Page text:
Most fans know that Kurt Russell was among the actors considered for the role of everyone's favorite scruffy nerf herder, Han Solo. He even screen tested with aspiring Luke Skywalker William Katt, who would later star as television's Greatest American Hero. Karen Allen auditioned for Princess Leia, a few years before she ended up as the romantic lead opposite Harrison Ford in another film, Raiders of the Lost Ark. But none of those came to pass.
For Star Wars Episode II: Attack of the Clones, Lucas cast a wide net to find his Anakin Skywalker, with actors ranging from Leonardo DiCaprio to the late Paul Walker considered for the role ultimately won by Hayden Christensen. Aside from the actors considered for Luke, Leia, Han, and the troubled Anakin, there were a whole host of other near misses within the Star Wars franchise. Now we take a look at the biggest missed opportunities with 10 Actors Who Were Almost in Star Wars.
Orson Welles as Darth Vader
Hayden Christensen got to play Darth Vader following Anakin's turn to the dark side in Revenge of the Sith. But once Vader was in his iconic suit, the great James Earl Jones was kind enough to bless us with another voice performance as the galaxy's most infamous Sith Lord. He returned again for Rogue One: A Star Wars Story and a handful of episodes of Star Wars Rebels, where in some scenes, his voice was blended with the voice of Matt Lanter, the 90210 actor who voiced Anakin in the Clone Wars television series. But would you believe James Earl Jones wasn't the first choice to voice Darth Vader? After quickly dismissing the idea of giving the voice role to the man wearing the suit, George Lucas wanted Orson Welles to have the part. Yes, the man who co-wrote, directed, produced, and starred in arguably the greatest film of all time, Citizen Kane. Lucas eventually decided Welles was too well-known and gave the part to Jones instead. James Earl Jones reportedly didn't care to be credited for the performance until the release of Return of the Jedi in 1983.
Gary Oldman as General Grievous
General Grievous is one of the most formidable villains in all of Star Wars. A mysterious warrior with breathing problems who is now "more machine than man," the separatist leader may not have been a Sith lord, but he was trained in the Jedi arts by no less than the fallen Jedi Count Dooku aka Darth Tyranus. Grievous killed so many Jedi during the Clone Wars that he kept lightsabers as trophies, often using them in battle with his multiple robotic arms. Whether you loved or hated Grievous in Revenge of the Sith, it's worth exploring the character's various storylines in the Clone Wars Series. It's all canon and it's all great, giving him a richer characterization. Grievous was primarily voiced by Skywalker Sound staffer Matthew Wood and a handful of other actors in different mediums. But we know of at least one A-list actor who sent in a voice audition for the role: Gary Oldman. That's right, Sid Vicious, Dracula, Commissioner Gordon, General Grievous - imagine that resume! Oldman is a friend of Star Wars producer Rick McCullum and reportedly sent in his audition at Rick's request. It's fun to imagine some sort of cross between what we now know as Grievous and one of Oldman's own twisted leaders, like his crooked cop in the Professional or dreadlocked badguy in True Romance. One wonders how he might have played the General's chronic cough.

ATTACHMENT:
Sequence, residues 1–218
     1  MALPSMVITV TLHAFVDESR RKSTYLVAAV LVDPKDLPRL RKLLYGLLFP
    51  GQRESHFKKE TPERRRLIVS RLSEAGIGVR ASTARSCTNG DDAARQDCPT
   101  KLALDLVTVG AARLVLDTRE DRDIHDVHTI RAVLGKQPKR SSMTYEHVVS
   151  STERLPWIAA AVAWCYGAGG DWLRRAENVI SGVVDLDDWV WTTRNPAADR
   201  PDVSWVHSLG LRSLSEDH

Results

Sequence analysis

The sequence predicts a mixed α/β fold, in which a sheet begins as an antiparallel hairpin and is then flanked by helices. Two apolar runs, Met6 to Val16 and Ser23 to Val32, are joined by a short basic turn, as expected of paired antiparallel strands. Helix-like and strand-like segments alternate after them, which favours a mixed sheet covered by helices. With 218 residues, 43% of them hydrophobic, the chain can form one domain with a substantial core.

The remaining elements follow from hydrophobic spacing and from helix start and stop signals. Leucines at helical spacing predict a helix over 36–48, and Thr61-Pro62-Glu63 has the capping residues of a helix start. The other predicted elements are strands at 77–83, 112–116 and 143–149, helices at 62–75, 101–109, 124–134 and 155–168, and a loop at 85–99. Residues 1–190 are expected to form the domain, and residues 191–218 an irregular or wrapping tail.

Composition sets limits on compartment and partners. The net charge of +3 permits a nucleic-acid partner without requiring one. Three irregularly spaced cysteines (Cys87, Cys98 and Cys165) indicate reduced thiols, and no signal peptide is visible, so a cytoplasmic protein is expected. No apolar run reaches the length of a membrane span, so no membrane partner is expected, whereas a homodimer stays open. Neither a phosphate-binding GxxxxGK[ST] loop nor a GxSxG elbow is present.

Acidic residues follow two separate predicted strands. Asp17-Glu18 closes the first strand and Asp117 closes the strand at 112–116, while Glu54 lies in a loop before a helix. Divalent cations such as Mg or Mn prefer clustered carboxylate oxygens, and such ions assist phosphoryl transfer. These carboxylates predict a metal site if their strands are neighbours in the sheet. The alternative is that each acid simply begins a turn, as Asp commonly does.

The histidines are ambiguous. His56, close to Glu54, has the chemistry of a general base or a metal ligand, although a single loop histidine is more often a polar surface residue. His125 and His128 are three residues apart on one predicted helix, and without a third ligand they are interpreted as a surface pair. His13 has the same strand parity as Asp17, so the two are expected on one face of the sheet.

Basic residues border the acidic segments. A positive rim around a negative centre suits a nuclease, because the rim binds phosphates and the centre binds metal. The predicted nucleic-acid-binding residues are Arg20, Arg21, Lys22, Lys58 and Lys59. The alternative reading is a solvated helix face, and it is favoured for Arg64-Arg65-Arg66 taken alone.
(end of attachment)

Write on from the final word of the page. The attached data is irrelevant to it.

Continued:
Mel Blanc as C-3PO
As of summer 2017, C3PO and R2D2 are the only two characters who have appeared in every single theatrically released Star Wars film, to say nothing of all of the associated stories told in various pieces of both canon and what we now call Legends. R2 of course speaks in a series of beeps and bloops, but there's no mistaking the voice of C3PO. A year after the first Star Wars film was released, he was heard as the voice of Legolas in the animated Lord of the Rings, but Anthony Daniels is of course best known for his work as the beloved protocol droid. But it wasn't Daniels voice that got him in the suit, but rather, his impressive range as a mime. After all, C3PO requires a performance devoid of facial expressions. The Man of 1000 Voices, aka cartoon legend Mel Blanc, nearly changed that to 1001 when he came in to audition for the voice role of C3PO. According to Daniels in the Empire of Dreams documentary, the Looney Tunes legend responsible for Bugs Bunny, Daffy Duck, Porky Pig, Foghorn Leghorn and so many other beloved character's voices felt that Daniels voice was already well suited for the part. And it became his.
N'SYNC as Jedi Knights
In at least one move apparently designed to please fans of the beloved franchise, Lucasfilm mercifully decided to wave "Bye, Bye, Bye" to the idea of N'SYNC as Jedis. Some 15 years after George Lucas and producer Rick McCallum invited the boy band to be in Attack of the Clones at the behest of their young daughters, Joey Fatone and his brother, Steven, finally confirmed what almost was in an interview with the Huffington Post. Justin Timberlake and Lance Bass were too tired to make the trip to ILM during a short respite from touring, but Joey and his brother happily joined Joey's bandmates JC Chasez and Chris Kirkpatrick in a cavernous soundstage to get their greenscreen on. Apparently they were outfitted as Jedis and were set to cameo in the background during a hallway walk-and-talk scene between Obi Wan and Yoda and even more spectacularly, they were filmed as part of the arena battle on Geonosis. Now Eminem may have famously rapped that "Chris Kirkpatrick is gonna get his ass kicked," but on the Attack of the Clones set, Lucasfilm would make sure everything went smoothly. Because according to the Fatone brothers, they were simply handed lightsabers and told to swing them around like they were fighting droids. "Do any kind of style you want because later on we'll react the droids to what you did" Steven recalled. Though all of the scenes were officially cut from the film due to fan outcry and possibly some complicated Screen Actors Guild rules, various conspiracy theorists claim they've spotted a mohawked, blue lightsaber wielding Joey Fatone in the background during the battle of Geonosis.